'Catalogues what happens to sport horses in plain sight ... should be compulsory reading for all of us who care about horses.' - Professor Paul McGreevy BVSc, PhD, FRCVS; author, Equine Behaviour
Passionate, yet rigorous and meticulously researched, this eye-opening book holds equestrian sport up to Olympic standards and finds it sadly wanting.
Doping agents that used to cost Olympic medals, rebranded as benign 'medication'. Shell federations with no riders or horses, propped up to make the sport seem 'global'. Judging that favours spectacle over the rules. From the myth of gender equality, to the failure to prevent rollkur, to the easing of the 'blood rule' to appease riders, to horses competing with the nerves in their legs cut to numb the pain of injuries: this is a tale of entitlement, privilege, and spineless regulation, always at the expense of the horse. 'I Can't Watch Anymore' chronicles and explains how the bureaucrats who run the Federation Equestre Internationale (FEI) have stripped and sold for parts one of the oldest Olympic sports in the world until finally, there is nothing left to preserve.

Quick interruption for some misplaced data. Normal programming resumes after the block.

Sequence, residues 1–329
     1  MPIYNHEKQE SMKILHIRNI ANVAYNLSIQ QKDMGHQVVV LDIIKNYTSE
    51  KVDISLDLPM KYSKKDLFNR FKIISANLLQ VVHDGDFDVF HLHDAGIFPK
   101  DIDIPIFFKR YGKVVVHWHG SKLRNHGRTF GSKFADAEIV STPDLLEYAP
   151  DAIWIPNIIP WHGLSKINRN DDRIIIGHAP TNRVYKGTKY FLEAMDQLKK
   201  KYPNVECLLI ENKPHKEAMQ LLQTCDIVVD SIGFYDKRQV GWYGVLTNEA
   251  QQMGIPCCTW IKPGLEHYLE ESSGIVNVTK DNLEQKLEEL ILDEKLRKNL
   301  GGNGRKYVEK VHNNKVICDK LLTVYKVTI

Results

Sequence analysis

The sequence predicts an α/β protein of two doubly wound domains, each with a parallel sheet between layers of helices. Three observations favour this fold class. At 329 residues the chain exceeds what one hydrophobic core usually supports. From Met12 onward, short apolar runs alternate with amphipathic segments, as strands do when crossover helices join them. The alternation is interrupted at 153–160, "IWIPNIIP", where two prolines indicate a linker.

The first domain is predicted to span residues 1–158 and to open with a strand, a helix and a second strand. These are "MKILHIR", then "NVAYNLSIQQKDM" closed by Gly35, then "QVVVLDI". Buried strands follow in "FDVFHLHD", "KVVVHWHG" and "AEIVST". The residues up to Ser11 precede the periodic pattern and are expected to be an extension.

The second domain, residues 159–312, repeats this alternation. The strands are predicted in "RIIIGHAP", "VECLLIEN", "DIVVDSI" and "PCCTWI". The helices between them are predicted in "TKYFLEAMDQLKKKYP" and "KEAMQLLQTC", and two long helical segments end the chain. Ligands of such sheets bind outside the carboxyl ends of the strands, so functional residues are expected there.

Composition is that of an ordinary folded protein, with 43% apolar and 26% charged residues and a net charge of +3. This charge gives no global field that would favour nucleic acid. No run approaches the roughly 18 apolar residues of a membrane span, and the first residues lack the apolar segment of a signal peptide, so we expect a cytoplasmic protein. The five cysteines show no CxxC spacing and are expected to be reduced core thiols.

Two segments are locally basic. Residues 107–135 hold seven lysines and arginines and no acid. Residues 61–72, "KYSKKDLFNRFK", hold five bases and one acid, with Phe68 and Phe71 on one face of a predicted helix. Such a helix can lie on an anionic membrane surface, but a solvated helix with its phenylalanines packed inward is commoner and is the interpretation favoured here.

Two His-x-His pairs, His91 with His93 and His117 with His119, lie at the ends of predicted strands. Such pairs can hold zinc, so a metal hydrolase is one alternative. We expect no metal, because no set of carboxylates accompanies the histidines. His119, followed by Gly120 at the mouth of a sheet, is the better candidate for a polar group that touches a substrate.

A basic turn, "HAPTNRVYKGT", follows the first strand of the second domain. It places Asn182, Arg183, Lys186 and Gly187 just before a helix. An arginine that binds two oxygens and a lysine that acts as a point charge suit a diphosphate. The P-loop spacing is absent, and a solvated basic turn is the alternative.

This compelling book challenges the reader to confront the reality of high-level equestrian competition today and say, along with so many others, 'I can't watch anymore'.